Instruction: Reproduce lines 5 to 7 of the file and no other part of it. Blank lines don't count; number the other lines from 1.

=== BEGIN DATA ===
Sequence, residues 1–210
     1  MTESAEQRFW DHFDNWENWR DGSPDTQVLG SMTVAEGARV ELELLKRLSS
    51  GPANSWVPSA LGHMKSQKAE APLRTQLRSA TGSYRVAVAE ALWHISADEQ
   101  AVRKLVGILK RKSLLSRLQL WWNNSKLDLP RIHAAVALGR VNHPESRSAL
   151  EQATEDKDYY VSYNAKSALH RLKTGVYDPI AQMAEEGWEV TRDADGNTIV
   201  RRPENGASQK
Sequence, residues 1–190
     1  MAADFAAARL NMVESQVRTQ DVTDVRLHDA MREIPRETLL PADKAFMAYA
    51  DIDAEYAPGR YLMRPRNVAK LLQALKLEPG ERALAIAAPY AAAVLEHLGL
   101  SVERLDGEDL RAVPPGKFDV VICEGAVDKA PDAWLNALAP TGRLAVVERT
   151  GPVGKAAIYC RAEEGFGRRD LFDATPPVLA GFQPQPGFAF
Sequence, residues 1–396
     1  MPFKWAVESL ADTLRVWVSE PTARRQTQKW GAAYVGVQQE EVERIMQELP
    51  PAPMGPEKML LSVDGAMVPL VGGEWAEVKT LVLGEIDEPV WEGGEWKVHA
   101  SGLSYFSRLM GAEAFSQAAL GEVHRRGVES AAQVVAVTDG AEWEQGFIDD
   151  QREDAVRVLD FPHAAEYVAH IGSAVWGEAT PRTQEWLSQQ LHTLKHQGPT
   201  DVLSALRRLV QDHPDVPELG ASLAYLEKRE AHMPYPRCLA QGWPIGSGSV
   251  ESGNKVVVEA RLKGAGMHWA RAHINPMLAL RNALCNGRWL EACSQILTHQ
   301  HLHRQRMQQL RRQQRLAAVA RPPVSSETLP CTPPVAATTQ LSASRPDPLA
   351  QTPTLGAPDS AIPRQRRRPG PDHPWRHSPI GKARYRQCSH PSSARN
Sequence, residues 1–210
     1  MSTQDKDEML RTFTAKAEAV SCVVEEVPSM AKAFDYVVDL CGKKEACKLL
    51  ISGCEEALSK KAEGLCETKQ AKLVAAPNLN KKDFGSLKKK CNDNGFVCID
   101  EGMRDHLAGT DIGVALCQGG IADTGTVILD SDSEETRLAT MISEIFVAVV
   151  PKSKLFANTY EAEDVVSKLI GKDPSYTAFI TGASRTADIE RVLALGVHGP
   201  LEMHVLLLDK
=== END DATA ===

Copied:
   151  EQATEDKDYY VSYNAKSALH RLKTGVYDPI AQMAEEGWEV TRDADGNTIV
   201  RRPENGASQK
Sequence, residues 1–190